Residents of Liberty, WA, defy U.S. Forest Service to help a disabled vet
By Glen Morgan | Freedom Foundation
The rebellion against bureaucratic tyranny might have started in a Washington town conveniently named Liberty.
Last month, residents there decided to work together, defy the iron fist of the local federal bureaucrats at the U.S. Forest Service and help a neighbor named Tony Nicholas, a 75-year-old disabled Vietnam veteran, access his historic small mining claim.
Many of these volunteers had never met Nicholas before, but they knew that he was being treated poorly and dishonestly by the Forest Service, and they were not willing to stand idly by twisting their hands in despair.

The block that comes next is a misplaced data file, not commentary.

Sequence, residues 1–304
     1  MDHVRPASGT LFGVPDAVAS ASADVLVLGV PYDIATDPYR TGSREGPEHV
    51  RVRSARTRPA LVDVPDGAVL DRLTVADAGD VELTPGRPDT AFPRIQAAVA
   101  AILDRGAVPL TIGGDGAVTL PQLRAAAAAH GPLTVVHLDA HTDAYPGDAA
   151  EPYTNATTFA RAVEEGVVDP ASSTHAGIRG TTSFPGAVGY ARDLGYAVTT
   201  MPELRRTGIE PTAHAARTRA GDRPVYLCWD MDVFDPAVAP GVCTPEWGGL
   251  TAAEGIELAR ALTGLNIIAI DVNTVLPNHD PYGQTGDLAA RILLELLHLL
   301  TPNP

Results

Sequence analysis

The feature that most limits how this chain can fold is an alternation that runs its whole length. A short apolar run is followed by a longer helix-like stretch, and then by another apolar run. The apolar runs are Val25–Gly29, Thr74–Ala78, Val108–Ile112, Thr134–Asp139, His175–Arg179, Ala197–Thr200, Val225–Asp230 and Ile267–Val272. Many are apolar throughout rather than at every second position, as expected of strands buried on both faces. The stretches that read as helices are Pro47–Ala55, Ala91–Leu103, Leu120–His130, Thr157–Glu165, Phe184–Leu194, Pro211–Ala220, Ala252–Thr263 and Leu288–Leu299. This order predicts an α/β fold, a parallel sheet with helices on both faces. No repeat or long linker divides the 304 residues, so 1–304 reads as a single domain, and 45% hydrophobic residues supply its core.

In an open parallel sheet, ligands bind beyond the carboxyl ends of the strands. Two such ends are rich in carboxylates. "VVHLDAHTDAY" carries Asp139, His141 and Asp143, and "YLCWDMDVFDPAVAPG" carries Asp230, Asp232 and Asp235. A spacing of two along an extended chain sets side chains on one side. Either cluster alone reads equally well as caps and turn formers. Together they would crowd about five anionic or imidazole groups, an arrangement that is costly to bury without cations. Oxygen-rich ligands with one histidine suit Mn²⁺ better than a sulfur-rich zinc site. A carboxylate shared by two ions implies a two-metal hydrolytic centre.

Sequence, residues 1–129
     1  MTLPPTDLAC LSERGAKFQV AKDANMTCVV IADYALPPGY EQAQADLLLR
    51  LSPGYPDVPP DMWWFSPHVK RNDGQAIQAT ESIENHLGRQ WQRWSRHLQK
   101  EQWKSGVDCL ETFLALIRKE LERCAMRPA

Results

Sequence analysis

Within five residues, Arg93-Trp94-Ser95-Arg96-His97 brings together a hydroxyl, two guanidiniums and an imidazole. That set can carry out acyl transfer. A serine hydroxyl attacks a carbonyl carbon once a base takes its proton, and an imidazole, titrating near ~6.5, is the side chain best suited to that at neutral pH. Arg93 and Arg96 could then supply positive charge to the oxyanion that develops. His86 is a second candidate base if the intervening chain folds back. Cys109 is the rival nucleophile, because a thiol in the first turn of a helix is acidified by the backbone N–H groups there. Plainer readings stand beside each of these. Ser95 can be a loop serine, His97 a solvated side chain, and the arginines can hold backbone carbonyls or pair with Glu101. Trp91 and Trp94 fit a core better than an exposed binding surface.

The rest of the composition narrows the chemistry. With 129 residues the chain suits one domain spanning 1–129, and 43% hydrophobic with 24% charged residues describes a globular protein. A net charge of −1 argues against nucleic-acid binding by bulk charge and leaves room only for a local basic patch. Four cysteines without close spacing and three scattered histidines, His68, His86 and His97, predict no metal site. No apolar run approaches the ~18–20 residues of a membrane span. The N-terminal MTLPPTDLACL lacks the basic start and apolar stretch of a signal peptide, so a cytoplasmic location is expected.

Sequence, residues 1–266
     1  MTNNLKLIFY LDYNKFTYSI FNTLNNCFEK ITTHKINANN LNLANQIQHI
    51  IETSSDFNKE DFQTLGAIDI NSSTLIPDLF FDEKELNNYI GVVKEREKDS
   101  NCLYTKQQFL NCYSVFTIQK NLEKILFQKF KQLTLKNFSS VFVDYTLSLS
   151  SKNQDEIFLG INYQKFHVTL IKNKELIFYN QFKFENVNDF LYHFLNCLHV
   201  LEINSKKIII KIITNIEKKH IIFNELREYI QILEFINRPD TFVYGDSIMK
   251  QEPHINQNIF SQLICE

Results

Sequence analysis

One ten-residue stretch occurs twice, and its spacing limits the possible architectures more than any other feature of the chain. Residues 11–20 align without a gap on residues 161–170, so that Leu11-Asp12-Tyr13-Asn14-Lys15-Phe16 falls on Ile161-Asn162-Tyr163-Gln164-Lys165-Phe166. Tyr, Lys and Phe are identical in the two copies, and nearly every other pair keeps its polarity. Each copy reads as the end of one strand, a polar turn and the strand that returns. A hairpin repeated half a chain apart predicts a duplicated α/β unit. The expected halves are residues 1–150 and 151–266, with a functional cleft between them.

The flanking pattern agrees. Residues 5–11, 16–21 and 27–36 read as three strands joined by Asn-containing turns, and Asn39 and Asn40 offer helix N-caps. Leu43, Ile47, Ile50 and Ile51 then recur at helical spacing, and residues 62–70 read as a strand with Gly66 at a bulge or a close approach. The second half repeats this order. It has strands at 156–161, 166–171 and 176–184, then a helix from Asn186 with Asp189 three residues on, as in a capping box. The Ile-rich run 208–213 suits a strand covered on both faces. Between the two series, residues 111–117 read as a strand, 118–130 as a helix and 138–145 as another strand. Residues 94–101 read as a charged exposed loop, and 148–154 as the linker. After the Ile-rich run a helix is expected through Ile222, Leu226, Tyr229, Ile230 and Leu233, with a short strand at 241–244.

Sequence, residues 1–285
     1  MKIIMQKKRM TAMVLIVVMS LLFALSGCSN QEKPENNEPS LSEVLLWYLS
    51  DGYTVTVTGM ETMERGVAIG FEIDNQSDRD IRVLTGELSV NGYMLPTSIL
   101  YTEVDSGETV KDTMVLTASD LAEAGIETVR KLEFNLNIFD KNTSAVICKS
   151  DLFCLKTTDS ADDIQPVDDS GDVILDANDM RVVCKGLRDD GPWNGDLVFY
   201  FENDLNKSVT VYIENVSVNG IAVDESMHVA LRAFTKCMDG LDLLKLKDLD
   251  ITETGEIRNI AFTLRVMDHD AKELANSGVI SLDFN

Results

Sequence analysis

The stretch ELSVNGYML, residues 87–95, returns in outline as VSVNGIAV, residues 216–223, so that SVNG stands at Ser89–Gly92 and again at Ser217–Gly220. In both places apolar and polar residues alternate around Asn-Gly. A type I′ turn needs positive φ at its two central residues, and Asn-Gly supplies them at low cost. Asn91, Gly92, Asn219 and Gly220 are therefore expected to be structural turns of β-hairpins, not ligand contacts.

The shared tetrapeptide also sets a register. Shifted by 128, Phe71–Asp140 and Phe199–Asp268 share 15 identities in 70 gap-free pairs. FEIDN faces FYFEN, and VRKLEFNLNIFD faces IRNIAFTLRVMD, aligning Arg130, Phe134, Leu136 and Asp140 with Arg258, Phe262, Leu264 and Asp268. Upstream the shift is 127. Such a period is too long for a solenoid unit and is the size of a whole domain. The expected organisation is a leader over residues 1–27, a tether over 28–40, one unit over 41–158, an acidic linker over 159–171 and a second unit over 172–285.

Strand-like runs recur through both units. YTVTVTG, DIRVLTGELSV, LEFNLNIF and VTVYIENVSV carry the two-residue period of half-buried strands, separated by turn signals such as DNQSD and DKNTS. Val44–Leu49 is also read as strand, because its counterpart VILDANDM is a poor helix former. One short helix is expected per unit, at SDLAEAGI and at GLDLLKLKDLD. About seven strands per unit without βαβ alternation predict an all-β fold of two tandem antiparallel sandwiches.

This is what citizen action looks like.
The story began about four years ago, when a small rock slide covered the entrance portal to Nicholas’ mine and, based on Forest Service rules and bureaucratic obstruction, he was forbidden to clear the slide debris with heavy equipment.
In addition to inventing new excuses and red tape to delay Nicholas’ rightful access to his claim, the agency also decided to seize his trailer and related equipment located at his mine, valued at $68,000.
at Freedom Foundation.